Workers offered £30 an hour to pick vegetables, while desperate bosses bid to avoid Christmas stock chaos
Workers are offered £30 an hour to pick vegetables, while desperate bosses try to curb a supply crisis before Christmas.
Farmers pay seasonal workers up to £1,000 a week – £50,000 a year – to help them dig up crops, the British Growers Association revealed.
Wages are also rising in the meat industry, with trained butchers picking up parcels up to £37,000 due to a 15,000 worker shortage.
It comes as cabinet ministers warned Britain is ‘drunk on cheap labour’ in another corporate caveat.
Top Tories used the Conservative Party Conference to criticize companies for trying to blame the government for the supply chaos.
Meanwhile, ministers were told that only 27 EU fuel tanker drivers have signed up to work in the UK under the government’s emergency scheme.
The plan to thwart the fuel crisis appears to have fallen behind as 300 visas were offered for the specialist truck drivers, demonstrating a shocking record.
Farmers pay seasonal workers up to £1,000 a week – £50,000 a year – to help them, British Growers Association revealed (file photo)
It comes as cabinet ministers warned Britain is ‘drunk on cheap labour’ in another corporate caveat. Pictured: Empty shelves in London yesterday
British Growers Association chief executive Jack Ward told the Times: ‘There is fierce competition for labor with… people stripping labor from farms to work in the hospitality industry.
“There’s a much celebrated business here in Lincolnshire where they’re now offering up to £30 an hour to pick broccoli.”
The huge wage increases are the result of an exodus of farmhands, with the National Farmers’ Union suggesting that one in eight have left the supply chain.
It has resulted in farmers putting fewer crops in the ground for the final harvest, meaning more food has been imported into Britain.
The growers’ association has asked the government whether there will be another seasonal worker permit scheme next year.
Some blame the Interior Ministry for the problems – rather than Defra – and say that many EU workers with fixed status have remained during the pandemic.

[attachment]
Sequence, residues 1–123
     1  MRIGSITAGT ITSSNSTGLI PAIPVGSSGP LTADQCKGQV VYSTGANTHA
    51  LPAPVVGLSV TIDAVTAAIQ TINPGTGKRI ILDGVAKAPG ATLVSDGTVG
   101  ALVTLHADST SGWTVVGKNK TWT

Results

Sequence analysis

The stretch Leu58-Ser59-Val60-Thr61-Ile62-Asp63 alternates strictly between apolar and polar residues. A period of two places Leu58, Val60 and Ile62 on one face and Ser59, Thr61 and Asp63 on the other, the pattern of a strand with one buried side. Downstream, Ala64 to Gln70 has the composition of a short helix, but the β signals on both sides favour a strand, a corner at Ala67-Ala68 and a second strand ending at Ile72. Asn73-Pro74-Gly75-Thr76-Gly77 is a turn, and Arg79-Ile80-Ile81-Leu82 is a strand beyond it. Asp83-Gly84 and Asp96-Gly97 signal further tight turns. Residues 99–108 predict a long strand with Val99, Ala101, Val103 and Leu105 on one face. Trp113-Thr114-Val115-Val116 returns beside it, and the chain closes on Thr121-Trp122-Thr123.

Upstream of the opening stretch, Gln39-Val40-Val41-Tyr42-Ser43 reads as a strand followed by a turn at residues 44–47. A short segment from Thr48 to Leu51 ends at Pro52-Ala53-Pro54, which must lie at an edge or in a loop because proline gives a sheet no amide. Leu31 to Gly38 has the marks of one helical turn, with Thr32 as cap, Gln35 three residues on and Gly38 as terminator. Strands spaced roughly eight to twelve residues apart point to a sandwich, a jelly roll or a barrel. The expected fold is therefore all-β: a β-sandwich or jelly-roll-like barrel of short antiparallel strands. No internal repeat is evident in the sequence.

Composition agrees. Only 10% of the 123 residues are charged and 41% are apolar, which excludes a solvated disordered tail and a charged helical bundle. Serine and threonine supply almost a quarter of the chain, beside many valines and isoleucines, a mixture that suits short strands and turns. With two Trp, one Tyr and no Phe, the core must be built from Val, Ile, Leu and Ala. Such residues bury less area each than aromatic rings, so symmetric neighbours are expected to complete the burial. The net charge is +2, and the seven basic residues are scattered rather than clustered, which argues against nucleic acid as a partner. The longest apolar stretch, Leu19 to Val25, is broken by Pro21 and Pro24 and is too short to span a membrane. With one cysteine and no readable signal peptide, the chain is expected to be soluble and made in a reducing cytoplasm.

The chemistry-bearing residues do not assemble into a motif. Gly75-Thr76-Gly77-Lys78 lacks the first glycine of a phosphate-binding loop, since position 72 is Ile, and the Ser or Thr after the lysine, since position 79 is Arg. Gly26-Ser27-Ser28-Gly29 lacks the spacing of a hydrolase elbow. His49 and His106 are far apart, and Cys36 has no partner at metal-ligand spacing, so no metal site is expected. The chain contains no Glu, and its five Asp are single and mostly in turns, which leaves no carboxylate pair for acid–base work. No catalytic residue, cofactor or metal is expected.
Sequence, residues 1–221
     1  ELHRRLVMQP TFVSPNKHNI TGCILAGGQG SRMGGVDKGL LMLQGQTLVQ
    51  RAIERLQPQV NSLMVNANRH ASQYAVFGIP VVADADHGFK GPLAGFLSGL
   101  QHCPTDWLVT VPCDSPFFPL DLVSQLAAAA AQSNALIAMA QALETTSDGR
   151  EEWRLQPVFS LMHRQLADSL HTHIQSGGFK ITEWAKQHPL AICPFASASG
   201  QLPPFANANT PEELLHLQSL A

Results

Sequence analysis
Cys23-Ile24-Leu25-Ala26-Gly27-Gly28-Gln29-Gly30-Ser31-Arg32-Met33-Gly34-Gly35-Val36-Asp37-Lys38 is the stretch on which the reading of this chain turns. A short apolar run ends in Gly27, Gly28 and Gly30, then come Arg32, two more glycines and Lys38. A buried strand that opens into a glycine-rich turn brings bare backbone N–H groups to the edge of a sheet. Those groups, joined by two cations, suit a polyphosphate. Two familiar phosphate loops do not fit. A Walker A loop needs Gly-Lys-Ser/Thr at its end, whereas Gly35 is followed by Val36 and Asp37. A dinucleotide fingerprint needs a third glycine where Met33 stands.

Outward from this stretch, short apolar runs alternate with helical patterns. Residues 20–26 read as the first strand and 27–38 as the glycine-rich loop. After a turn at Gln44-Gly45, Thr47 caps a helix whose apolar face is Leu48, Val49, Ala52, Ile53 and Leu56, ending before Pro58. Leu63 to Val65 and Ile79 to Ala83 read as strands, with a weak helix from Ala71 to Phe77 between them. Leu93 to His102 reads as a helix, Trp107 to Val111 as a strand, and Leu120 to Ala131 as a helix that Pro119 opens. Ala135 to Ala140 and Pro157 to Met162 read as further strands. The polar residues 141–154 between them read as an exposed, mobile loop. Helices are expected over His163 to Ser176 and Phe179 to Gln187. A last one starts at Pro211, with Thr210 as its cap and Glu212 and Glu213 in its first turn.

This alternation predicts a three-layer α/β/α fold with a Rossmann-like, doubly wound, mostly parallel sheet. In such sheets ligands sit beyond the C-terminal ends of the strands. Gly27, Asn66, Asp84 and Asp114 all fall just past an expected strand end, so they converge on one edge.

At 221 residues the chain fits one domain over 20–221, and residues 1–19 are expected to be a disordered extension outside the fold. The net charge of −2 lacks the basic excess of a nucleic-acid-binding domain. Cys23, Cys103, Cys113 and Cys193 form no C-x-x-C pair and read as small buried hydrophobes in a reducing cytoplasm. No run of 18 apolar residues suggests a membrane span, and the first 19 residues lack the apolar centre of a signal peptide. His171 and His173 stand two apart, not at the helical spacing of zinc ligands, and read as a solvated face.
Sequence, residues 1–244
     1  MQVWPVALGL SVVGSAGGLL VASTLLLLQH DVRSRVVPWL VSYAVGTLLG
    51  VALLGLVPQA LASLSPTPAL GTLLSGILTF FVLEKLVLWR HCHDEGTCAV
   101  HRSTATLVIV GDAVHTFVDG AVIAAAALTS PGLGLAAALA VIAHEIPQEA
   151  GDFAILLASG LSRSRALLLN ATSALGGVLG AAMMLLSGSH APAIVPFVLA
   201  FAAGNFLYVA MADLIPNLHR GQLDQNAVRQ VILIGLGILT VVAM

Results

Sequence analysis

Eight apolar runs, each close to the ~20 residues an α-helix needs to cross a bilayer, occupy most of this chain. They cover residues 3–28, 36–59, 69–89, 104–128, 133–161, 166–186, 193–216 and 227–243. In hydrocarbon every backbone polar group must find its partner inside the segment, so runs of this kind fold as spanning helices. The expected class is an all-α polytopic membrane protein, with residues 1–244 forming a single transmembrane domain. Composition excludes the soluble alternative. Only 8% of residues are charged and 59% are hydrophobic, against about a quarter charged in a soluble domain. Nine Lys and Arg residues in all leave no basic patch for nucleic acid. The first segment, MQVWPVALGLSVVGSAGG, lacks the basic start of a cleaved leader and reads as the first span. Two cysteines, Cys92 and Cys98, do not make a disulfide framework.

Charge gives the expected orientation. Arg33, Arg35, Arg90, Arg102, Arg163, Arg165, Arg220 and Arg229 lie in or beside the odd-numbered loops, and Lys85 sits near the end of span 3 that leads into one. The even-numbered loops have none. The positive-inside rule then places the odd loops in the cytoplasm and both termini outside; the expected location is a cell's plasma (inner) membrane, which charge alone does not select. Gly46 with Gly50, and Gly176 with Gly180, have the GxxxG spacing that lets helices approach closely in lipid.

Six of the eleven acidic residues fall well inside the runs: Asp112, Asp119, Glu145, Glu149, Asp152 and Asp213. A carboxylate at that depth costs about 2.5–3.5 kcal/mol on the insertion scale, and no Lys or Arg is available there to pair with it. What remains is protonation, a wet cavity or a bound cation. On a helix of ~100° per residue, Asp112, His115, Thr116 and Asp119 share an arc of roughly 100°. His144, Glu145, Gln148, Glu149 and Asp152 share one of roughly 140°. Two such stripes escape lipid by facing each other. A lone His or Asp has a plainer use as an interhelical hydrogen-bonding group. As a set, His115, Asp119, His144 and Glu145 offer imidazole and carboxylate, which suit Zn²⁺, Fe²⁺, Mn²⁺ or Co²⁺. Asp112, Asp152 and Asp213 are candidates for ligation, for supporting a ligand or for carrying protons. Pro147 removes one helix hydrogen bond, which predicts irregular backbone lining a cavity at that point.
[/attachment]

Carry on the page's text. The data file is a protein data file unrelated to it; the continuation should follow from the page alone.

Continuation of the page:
A government spokesman said: ‘This year we have expanded the seasonal worker pilot to 30,000 visas for workers to come to the UK for up to six months.
“However, we want employers to make long-term investments in the UK’s domestic workforce rather than relying on labor from abroad.”
Some blame the Interior Ministry (pictured yesterday, Interior Minister Priti Patel) for the problems, saying many EU fixed-status workers have remained during the pandemic
Some cabinet ministers were openly hostile to companies over the supply crisis at the Conservative Party conference.
Several of them would be outraged companies trying to shift the blame onto the government by pointing the finger at handling the pandemic and Brexit.
A high-ranking party source told the Telegraph that the fuel crisis and empty shelves were “a failure of the free market, not the state.”
Another told the paper: ‘They have known for five years that we are ending freedom of movement, and we have repeatedly told them not to pull the lever of uncontrolled immigration every time. But they’re drunk on cheap labour.’
Chancellor Rishi Sunak said he couldn’t “wave a magic wand” and that companies had to adapt their supply chains.
Secretary of State Paul Scully said companies have a “collective responsibility” to solve the problems.
And State Secretary Kwasi Kwarteng said they had become too dependent on too few suppliers.
Chancellor Rishi Sunak (pictured yesterday) said he couldn’t ‘wave a magic wand’ and companies had to adapt their supply chains
But they faced a quick reaction as business leaders blamed the government for “panicing” over fears the crisis will continue until Christmas.
They said they received their ‘early apology’ and had warned ministers months ago about the shortage of truck drivers.
The boss of clothing giant Next Lord Wolfson said it needed a ‘demand-driven’ immigration system – where companies can get workers from abroad on the condition that they pay a visa tax.
And Icelandic boss Richard Walker said the situation was “a self-inflicted wound” by ministers, adding that they attacked business for “panicing”.
In a further blow, ministers have been told that just 27 EU fuel tanker drivers have signed up to work in the UK under the government’s emergency scheme.
In a further blow, ministers have been told that just 27 EU fuel tanker drivers have signed up to work in the UK under the government’s emergency scheme. Pictured: Soldiers learned the ropes in East London last week
The plan to thwart the fuel crisis seems to have fallen behind as 300 visas were offered for the specialized truck drivers.
An insider told the Times ministers that they had only given the green light to the scheme because they were told the industry had workers ready to fill the places.
They added to the paper that the setback is expected to cause further delays in getting fuel back into the pumps – meaning the military will have to be used longer.
The Southeast continues to suffer from the crisis, about one in five stations has been drained.
A source said: ‘These programs were launched because the industry said they needed it. But we have yet to see the promised numbers come in.”